This piece was published on Taoti.com. Read the original here.
By the numbers
Reddit is the 6th most visited website in the United States. Their monthly user base is roughly the same size as the population of the contiguous United States, plus another 100 million. Numbers aside, marketers and businesses know Reddit is important.
It’s a platform ripe for reaching customers. But it’s challenging to blend in. After all, the Reddit-sphere is a notorious walled garden, where anonymous Redditors can roam free to say and do as they please — a stark contrast to platforms like Facebook, where your identity is watermarked to everything you do.
Brands could benefit from understanding the nuances of Reddit — the sentiment score of the latest posts, the keywords and colloquialisms, the similarities of multiple subreddits — but there are limited tools that enable social analysis of the platform.
So we built a prototype.
How it can work for digital marketing
Simply input a Subreddit or group of Subreddits — r/science, r/LifeProTips, r/PersonalFinance, etc. — and a visualization appear, displaying keywords and their density, as well as a breakdown of sentiment extracted from the 50 hottest posts from the last 24 hours. The result will also include a list of the most popular posts from the previous week (this can be easily changed to a day, month, or year). If you are comparing two Subreddits, the result will include a correlation score to inform users of Subreddit similarity.
Below are sample outputs generated from our initial proof of concept:
Through the lens of digital marketing strategy, this tool can be applied to just about any industry. Take a tech startup creating naming conventions for the IA of new a software, or a D2C product looking for brand identity — understanding natural language trends in communities (subreddits) can be useful. Maybe it’s a nonprofit looking to raise funds for a seasonal initiative. Leveraging sentiment analysis can help identify which communities are more likely to engage, interact positively, and share the cause. Let’s say a marketing team is assessing where to allocate budget between different affinity groups or, more specifically, individual subreddits — you can run a quick comparative analysis to see which might be more receptive to your message, and find similar subreddits where you can expand your reach.
This data can be leveraged beyond Reddit and across the social sphere. If you understand your audience’s habits on Reddit, it pulls back the curtain on their expectations and colloquialisms to leverage these in messaging, branding, UX design, and building out creative campaigns across digital channels.
The product roadmap
This is test number one. The goal was to bolster the toolset available to our clients and provide them with proprietary data that will inform marketing and product efforts. But our sites are set on the moon! Our goal is to create a feature-rich, user-friendly data visualization tool for our clients (and beyond!).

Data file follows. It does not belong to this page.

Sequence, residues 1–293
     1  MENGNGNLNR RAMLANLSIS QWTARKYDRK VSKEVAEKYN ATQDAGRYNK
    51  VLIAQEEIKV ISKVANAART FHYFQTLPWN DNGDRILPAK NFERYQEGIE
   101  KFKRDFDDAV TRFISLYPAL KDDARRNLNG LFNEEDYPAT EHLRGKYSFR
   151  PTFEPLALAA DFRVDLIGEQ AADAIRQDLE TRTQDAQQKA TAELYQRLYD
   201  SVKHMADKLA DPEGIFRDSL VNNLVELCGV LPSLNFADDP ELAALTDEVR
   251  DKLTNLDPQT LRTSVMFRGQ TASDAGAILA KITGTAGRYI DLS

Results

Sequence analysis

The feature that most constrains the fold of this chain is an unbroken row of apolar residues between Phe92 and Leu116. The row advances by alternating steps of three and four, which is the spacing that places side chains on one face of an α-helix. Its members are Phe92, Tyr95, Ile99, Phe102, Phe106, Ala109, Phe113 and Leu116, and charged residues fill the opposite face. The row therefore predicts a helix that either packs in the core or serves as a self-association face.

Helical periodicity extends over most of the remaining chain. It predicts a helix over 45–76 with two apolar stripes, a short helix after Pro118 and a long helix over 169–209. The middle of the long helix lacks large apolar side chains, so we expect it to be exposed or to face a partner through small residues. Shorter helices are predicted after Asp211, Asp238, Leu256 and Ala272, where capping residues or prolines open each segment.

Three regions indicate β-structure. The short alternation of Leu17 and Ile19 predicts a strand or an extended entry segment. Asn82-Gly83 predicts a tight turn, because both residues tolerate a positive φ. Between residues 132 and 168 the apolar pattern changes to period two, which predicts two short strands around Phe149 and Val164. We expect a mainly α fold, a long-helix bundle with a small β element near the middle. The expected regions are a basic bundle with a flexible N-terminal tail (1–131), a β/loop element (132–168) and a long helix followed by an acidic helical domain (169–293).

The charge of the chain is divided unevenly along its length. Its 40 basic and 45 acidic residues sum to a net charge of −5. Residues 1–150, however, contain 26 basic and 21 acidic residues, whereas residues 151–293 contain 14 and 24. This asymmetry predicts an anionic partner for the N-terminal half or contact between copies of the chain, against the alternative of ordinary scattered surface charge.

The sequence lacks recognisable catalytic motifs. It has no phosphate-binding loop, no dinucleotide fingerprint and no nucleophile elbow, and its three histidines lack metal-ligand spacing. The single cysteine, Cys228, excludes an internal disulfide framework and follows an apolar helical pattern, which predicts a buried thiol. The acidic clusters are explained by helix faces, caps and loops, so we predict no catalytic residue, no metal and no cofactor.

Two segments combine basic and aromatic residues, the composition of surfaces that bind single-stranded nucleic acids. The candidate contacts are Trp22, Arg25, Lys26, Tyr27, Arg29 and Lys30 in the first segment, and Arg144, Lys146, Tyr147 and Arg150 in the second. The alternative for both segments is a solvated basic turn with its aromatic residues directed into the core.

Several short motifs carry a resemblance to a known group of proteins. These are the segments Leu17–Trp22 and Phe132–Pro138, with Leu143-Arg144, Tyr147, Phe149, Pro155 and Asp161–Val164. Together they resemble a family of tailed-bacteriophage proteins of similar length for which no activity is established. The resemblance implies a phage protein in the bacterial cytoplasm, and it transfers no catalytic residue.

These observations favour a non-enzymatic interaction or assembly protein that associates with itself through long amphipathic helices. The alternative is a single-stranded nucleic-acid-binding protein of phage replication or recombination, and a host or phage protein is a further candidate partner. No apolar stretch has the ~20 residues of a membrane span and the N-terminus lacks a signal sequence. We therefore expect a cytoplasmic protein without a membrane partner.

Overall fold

Above is an early design for r/Analyze (very much a working title :D). There are hundreds of more use cases and thousands of ways to build out this prototype to include additional querying tools. Our feature roadmap includes:
- Analyze messaging and sentiment in real-time.
- Bolster querying tools with a GUI that mimics Google Analytics or Tableau, enabling advanced filtering, custom parameters, and more.
- Leverage PushShift data to look historically at larger volumes of data to answer fundamental questions about your audience and their behavior.
Bolster querying tools with a GUI that mimics Google Analytics or Tableau, enabling advanced filtering, custom parameters, and more.
Leverage PushShift data to look historically at larger volumes of data to answer fundamental questions about your audience and their behavior.
Into the weeds
Using Python 3 as our analytics engine, and a package known as PRAW to scrape data from Reddit, we generated a function that pulls information from a chosen Subreddit or group of Subreddits and funnels it through three scripts. The first produces a result that is the butt of many jokes but nevertheless continues to be a very useful tool — the word cloud. Using Python’s WordCloud module, we simply remove “stop words,” or extraneous words like “it” or “this,” then create a word cloud from the previously pulled data.
The second uses the same data and passes it through a module called TextBlob, which performs some simple natural language processing to label all words in a data set. It can identify part of speech, extract specific phrases, and — perfect for our purposes — analyze words for their sentiment. We repeat the process of removing stop words, do a little math to convert sentiment score into percentages, and generate a pie chart.
We merged both the word cloud and sentiment analysis into one function that also displays the top posts of the past week. Check it out and try it yourself.
Lastly, using a series of text analysis frameworks — namely Gensim and LDA modeling — we can train a model to recognize similarities in different groups of words. When comparing a list of subreddit descriptions, for example, we can algorithmically generate a score that measures similarities in phrasing, tone, and subject matter. Check out the code here.
Get in touch
Of course, no blog post is complete without the obligatory call to action if your organization is looking for marketing services, creative development, or a team that can solve just about any problem with code and a touch of ingenuity, holler at us!
If you’re interested in working together, shoot an email to firstname.lastname@example.org. We promise there are zero robots on the other end.